- Account or application fraud: Fraudsters often get hold of personal information by dumpster diving, skimming or stealing mail. With details like your home address, Social Security number and birth date, they might be able to access your credit card account or apply for a new card in your name.
- Lost or stolen card fraud: This old-school credit card theft can happen when a fraudster uses a card you’ve lost, whether you dropped it in the street, had it stolen in the mail or were pickpocketed.
How to spot signs of credit card fraud
Whether you suspect you’re a victim of credit card fraud or you’d like to prevent it, here are some common signs to look for:
- Transactions on your monthly account statements that you don’t recognize
- Blocked access to your account
- Changes to your credit report you didn’t authorize, like new accounts or addresses that aren’t yours
- Unexpected calls from creditors or collection agencies
A monitoring tool can help you stay on top of your personal information. CreditWise from Capital One is a free service that gives you the ability to detect suspicious activity.
How to report credit card fraud
The sooner you notice and report credit card fraud, the quicker you can stop any unauthorized spending in your name. That can protect your credit score and limit your liability for any fraudulent charges.
If you think you may be the victim of credit card fraud, here’s how to report it:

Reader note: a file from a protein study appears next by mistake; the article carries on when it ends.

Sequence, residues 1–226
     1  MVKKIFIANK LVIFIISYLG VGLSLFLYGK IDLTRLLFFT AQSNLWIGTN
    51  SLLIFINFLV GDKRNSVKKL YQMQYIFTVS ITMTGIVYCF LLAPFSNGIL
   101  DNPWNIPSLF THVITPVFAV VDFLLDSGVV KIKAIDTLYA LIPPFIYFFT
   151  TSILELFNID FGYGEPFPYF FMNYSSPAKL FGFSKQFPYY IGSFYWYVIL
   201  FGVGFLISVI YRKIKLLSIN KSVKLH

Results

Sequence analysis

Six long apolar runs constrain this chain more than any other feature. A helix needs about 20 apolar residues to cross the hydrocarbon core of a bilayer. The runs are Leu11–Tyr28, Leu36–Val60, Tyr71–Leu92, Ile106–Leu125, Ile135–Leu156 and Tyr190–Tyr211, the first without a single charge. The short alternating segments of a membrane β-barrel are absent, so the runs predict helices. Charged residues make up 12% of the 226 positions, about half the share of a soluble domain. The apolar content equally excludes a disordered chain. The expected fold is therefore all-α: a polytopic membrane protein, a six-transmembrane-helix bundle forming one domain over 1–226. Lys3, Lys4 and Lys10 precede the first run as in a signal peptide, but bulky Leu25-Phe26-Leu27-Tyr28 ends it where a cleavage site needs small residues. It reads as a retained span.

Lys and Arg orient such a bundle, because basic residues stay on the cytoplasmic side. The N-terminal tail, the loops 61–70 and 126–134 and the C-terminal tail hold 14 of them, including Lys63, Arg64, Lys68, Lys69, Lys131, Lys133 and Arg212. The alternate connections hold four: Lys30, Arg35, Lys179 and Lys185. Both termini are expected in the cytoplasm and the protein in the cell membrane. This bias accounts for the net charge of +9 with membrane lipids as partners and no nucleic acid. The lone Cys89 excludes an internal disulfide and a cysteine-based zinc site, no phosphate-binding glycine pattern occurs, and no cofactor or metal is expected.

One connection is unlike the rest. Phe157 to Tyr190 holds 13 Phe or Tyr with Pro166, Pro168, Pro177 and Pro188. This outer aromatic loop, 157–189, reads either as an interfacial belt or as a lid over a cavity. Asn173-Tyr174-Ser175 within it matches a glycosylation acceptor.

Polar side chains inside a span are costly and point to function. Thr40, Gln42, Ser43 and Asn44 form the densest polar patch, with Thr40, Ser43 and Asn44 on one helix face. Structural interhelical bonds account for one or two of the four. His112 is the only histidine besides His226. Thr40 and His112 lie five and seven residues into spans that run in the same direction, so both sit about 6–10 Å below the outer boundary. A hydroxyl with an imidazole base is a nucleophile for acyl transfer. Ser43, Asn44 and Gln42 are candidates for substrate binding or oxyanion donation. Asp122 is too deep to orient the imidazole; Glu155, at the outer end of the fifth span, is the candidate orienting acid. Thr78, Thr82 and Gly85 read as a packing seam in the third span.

Contact your card issuer
If you still have the card, look on the back for a toll-free number. If you don’t have it, check the company’s website. Or you can contact your credit card issuer by letter or email.
Contact a credit bureau
You can also set up a fraud alert and/or a credit freeze, which makes it harder for anyone to change the details of your accounts or to open new accounts. With a fraud alert, you have to alert only one of the three major credit bureaus—Equifax®, Experian® and TransUnion®—and it will alert the other two. With a freeze, you have to contact each one of the three yourself.
File an FTC complaint
The FTC will refer your complaint to the relevant authorities and offer resources to get you back on track. In most cases, taking this step means you don’t have to file a police report.
Thankfully, if you report credit card fraud and it’s investigated and verified, the Fair Credit Billing Act says you’ll be liable for no more than $50, no matter how many charges are made on your card.
What to do if you suspect a fraudulent charge on your Capital One credit card